Clientelism and the classification of dominant party systems

Trantidis, Aris (2015) Clientelism and the classification of dominant party systems. Democratization, 22 (1). pp. 113-133. ISSN 1351-0347

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Clientelism and the classification of dominant party systems
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The view of clientelism as an abuse of state power casts doubt on the
democratic credentials of highly clientelistic political systems. The question
is particularly relevant for the classification of dominant party systems that
heavily rely on clientelism to elicit popular support and retain a relatively
open structure of participation. Knowing that clientelism is a widespread
practice in modern democracies too, how do we evaluate the impact of
clientelism on political competitiveness in order to sort out the position of
these regimes along the lines of democracy and authoritarianism? This task
requires identifying the conditions under which clientelism becomes an
essentially authoritarian practice and qualifies these regimes as such. The
article puts forward two propositions about the circumstances under which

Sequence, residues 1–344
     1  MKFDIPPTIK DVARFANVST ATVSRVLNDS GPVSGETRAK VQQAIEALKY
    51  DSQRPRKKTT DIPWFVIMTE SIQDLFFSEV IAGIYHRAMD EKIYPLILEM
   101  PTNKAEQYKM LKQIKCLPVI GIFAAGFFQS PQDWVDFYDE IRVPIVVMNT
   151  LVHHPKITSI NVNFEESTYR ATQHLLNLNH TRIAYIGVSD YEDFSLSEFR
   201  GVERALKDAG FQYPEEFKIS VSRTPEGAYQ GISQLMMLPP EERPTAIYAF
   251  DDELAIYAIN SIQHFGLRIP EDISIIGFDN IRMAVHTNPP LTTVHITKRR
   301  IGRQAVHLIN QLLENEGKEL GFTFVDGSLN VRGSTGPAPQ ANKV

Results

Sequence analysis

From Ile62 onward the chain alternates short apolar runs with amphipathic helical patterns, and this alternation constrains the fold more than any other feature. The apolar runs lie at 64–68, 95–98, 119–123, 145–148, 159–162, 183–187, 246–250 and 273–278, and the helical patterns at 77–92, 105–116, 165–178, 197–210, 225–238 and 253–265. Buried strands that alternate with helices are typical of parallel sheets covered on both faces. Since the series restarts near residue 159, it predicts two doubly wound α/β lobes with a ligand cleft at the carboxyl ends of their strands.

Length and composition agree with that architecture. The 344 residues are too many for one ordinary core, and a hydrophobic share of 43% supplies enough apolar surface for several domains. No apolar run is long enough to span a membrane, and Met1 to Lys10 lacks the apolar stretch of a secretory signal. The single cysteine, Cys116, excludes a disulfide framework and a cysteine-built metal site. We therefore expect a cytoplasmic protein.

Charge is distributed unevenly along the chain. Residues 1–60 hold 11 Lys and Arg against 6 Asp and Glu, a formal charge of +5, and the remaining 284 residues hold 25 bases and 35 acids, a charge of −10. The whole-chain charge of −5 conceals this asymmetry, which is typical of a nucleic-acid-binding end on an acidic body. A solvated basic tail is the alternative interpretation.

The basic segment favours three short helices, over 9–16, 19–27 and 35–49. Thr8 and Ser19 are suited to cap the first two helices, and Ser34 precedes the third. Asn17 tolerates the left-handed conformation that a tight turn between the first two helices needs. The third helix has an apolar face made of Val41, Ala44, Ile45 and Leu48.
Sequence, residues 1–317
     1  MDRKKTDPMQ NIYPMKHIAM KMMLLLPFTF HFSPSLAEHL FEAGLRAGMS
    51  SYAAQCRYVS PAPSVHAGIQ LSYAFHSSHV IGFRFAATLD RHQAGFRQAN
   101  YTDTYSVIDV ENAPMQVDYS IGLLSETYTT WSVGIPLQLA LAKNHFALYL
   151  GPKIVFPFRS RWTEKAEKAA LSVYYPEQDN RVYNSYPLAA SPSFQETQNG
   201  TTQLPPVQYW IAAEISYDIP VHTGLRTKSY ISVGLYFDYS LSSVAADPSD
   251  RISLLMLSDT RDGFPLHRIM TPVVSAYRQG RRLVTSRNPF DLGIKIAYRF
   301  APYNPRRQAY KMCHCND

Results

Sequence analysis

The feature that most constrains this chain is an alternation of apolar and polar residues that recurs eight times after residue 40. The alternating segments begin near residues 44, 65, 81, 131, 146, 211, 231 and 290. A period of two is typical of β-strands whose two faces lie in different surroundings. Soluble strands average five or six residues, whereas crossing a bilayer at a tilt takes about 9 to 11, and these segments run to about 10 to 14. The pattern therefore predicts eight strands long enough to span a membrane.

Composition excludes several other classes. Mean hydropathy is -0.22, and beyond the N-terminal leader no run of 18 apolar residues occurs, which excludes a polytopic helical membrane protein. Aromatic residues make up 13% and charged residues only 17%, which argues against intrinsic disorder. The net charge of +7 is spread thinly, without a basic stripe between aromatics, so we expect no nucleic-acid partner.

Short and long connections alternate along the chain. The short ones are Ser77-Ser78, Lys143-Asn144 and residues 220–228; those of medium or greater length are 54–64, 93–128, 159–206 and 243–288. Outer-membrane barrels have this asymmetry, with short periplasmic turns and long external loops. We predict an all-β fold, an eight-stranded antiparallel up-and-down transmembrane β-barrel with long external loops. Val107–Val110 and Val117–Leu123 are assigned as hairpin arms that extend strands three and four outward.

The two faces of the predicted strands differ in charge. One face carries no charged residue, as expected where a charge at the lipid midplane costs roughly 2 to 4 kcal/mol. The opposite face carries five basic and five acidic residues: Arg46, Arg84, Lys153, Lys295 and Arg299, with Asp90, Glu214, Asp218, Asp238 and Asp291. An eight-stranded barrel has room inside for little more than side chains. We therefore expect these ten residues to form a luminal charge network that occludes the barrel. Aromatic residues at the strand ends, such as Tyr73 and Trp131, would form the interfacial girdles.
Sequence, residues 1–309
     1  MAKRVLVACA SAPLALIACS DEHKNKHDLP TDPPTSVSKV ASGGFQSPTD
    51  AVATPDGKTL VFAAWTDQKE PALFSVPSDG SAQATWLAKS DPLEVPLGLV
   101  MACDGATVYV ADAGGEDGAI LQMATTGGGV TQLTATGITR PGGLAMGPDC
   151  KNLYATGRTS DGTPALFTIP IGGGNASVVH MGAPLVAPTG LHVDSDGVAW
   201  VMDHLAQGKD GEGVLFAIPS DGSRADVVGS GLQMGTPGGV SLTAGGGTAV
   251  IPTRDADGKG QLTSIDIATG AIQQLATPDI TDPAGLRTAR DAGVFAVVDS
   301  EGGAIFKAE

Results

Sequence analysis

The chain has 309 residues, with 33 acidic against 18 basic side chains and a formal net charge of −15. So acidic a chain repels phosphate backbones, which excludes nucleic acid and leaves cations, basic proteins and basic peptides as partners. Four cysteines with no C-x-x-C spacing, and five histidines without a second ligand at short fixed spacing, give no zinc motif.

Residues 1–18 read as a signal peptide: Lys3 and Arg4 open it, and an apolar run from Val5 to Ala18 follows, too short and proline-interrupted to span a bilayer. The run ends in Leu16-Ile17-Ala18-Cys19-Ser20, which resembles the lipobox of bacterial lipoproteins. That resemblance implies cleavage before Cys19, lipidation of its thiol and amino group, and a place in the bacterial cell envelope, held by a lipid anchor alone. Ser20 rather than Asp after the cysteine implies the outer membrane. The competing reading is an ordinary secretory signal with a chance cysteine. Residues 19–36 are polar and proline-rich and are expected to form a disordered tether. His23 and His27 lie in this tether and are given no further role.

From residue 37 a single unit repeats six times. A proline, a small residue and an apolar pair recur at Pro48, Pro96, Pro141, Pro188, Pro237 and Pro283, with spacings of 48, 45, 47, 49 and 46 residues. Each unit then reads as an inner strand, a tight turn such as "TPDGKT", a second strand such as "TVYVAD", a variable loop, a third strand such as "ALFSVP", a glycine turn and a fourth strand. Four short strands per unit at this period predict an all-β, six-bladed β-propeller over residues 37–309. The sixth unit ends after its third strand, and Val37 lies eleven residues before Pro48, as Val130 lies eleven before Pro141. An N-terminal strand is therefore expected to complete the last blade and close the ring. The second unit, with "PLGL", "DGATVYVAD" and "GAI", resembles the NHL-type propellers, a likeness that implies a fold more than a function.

clientelism infringes basic democratic standards under a thin and a thick
definition of democracy. Clientelism under one-party monopoly engenders
authoritarianism when it thwarts and punishes the contesting voice of
citizens by effectively blocking exit from its incentives and sanctions.

Additional Information:The final published version of this article can be accessed online at
Keywords:clientelism, hybrid regimes, semi-authoritarianism, illiberal democracy, authoritarianism, patronage, democracy, dominant party
Subjects:L Social studies > L220 Political Systems
L Social studies > L221 Autocracy
L Social studies > L290 Politics not elsewhere classified
L Social studies > L200 Politics
L Social studies > L222 Democracy
L Social studies > L210 Political Theories
Divisions:College of Social Science > School of Social & Political Sciences
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ID Code:33797
Deposited On:17 Oct 2018 11:01

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